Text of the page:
The Adventures Of Fatherhood – August 12, 2022

Life does not always pan out as envisioned. It’s how we pivot and handle the unexpected situations that defines us. These are words of advice I have expressed to myself repeatedly of late.

When I started writing this column 14 years ago, Beckett was two months old. Carson, 12, would come along about 17 months later, completing my family of four. In recent years, this column has become a parenting journal of sorts. This week is the 725th column. This weekly rambling has undergone many transformations as my kids have gotten older, but the biggest change in my parenting life is coming next week.

Beckett, 14, will start his freshman year in high school at a college-prep boarding and day school in Virginia. The beautiful waterfront campus, located on the Rappahannock River, is more than three hours from home. The school of about 225 students is a wonderful opportunity for him to grow and spread his wings. I am excited for his new journey, although even writing about it brings tears to my eyes and weighs on my heart. It’s hard for me to find the words to describe how much I will miss him, but I am confident this is the right step for him in his life.

Beckett has ADHD and dysgraphia, which is a learning difference linked to writing deficiencies. ADHD can be treated with medicine and life skill training, but dysgraphia requires a pro-active and unique teaching approach. His new school offers those students who choose it a tailored curriculum to provide the support and structure needed. The teachers aim to educate the child on how best to learn and they “meet the kids where they are,” per the school motto. The school prepares them for college and life by teaching executive functioning skills needed for success.

Despite these challenges, Beckett has always done well in school, having spent the last 10 years at Worcester Prep. He started expressing the desire for a change in his life during the pandemic. He showed maturity and commitment by researching some schools that specialize in his learning difference. He discovered the school, completed the rigorous application process and was accepted.

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He is also a good athlete and loves to compete, and the school has a respected sports program. He also loves to socialize with friends and spend time with people his age. In fact, being with friends seems to be his favorite thing now. In some ways, boarding school is coming at the perfect time. It offers the social, educational and physical pursuits he seeks.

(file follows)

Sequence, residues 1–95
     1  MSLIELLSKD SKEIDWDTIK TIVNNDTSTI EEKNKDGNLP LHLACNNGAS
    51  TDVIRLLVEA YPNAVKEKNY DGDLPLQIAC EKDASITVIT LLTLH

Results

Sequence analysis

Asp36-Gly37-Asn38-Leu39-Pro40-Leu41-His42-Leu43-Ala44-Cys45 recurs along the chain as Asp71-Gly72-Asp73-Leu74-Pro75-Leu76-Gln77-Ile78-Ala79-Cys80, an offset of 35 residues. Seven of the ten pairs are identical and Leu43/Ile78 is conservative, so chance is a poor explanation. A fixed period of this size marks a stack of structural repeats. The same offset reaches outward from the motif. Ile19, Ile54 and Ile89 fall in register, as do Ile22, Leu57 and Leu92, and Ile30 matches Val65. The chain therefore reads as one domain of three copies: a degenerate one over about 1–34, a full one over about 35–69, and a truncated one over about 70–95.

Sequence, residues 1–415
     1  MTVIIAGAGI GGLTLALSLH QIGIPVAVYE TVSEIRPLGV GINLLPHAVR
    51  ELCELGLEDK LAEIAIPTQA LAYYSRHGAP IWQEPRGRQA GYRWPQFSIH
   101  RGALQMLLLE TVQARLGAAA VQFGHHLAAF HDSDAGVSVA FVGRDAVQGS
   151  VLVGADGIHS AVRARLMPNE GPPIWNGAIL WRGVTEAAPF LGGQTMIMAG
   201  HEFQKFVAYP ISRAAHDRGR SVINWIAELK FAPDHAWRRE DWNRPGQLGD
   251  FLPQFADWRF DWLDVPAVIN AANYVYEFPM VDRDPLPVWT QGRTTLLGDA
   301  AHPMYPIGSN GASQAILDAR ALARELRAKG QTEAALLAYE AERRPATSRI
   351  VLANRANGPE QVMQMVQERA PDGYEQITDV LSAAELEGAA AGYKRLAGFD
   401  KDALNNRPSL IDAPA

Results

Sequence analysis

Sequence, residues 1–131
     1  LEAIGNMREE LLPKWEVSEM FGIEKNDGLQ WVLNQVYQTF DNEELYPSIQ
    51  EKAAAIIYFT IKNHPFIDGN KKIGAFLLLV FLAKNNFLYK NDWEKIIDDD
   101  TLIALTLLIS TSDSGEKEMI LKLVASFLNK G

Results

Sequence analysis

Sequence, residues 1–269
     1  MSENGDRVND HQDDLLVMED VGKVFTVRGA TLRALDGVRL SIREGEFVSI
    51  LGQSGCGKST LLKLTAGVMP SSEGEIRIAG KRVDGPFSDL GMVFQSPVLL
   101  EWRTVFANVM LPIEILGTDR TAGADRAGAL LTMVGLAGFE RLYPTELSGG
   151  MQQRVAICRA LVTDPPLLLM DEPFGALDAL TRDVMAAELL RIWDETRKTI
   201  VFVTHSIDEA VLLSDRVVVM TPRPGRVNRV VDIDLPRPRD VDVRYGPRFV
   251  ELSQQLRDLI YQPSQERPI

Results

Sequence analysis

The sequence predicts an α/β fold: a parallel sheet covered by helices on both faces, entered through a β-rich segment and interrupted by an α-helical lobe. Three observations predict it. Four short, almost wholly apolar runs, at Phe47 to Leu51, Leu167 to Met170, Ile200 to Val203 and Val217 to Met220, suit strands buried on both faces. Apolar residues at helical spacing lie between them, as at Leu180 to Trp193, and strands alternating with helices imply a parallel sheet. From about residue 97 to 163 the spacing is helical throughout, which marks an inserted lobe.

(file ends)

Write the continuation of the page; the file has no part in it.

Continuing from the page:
The move-in day we have been simultaneously dreading and excited about for many months is next Tuesday. I have never experienced the extreme of mixed emotions I am currently feeling. It’s heart breaking and thrilling at the same time.

When the conversation of a boarding school was first broached late last year, I immediately shut it down. Agreeing to send my kid away for high school seemed implausible to consider, even unforgivable if I am honest. How could I ever agree to let my kid live and attend high school three hours away from home? Could he even handle it at 14 years old?

Through research, visiting the school several times and observing the relationships between the students as well as those built among the kids and the teachers, I soon realized those were selfish thoughts. It’s the wrong way to approach this life change. It’s an incredible opportunity for him, and I am grateful we can afford it and offer it. Sure, there are self-doubts and concerns, but the school tells us, “have faith and trust us” with your kids, and fellow parents assure us this will be an amazing experience for him.

Through conversations, we have learned from other parents how boarding school helped bring them and their child closer. When they were together after entering boarding school, they were not fretting over schoolwork, social media usage, frayed peer relations, shows of disrespect or sports shuttling. It was quality time. It deepened the relationship and numerous parents we spoke with said it made their daily communications more meaningful.  One parent said rather than heading right up to her room to talk to friends on the phone or computer all night her daughter is now at boarding school with a new group of friends. When they talk now, it’s a productive and fun update. The parent recalled school nights when her daughter would complain about being bored and not able to see a movie on a school night while other friends could. Instead, her teen now calls about sailing on the river, the fun bus ride back from a soccer game, the impromptu picnic hosted by a dorm parent and an excursion trip planned for Friday night after school.

I pray every day for calls from him once he gets settled confirming he is happy. Self-doubt in parenting is inevitable. It causes horrific guilt, but I am keeping the faith we are making the right call here. What I do know for sure is drop-off day is going to be tough. Emotions will be running high on the drive to and from the school. I will hide my feelings, but the truth is I’m equally excited and sad. I have felt a sense of loss all week, but I’m told it’s normal. It’s not a loss, it’s just going to be different. It might be better in many ways.

Our adventures continue, just down a different path than ever imagined.

About The Author: Steven Green

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The writer has been with The Dispatch in various capacities since 1995, including serving as editor and publisher since 2004. His previous titles were managing editor, staff writer, sports editor, sales account manager and copy editor. Growing up in Salisbury before moving to Berlin, Green graduated from Worcester Preparatory School in 1993 and graduated from Loyola University Baltimore in 1997 with degrees in Communications (journalism concentration) and Political Science.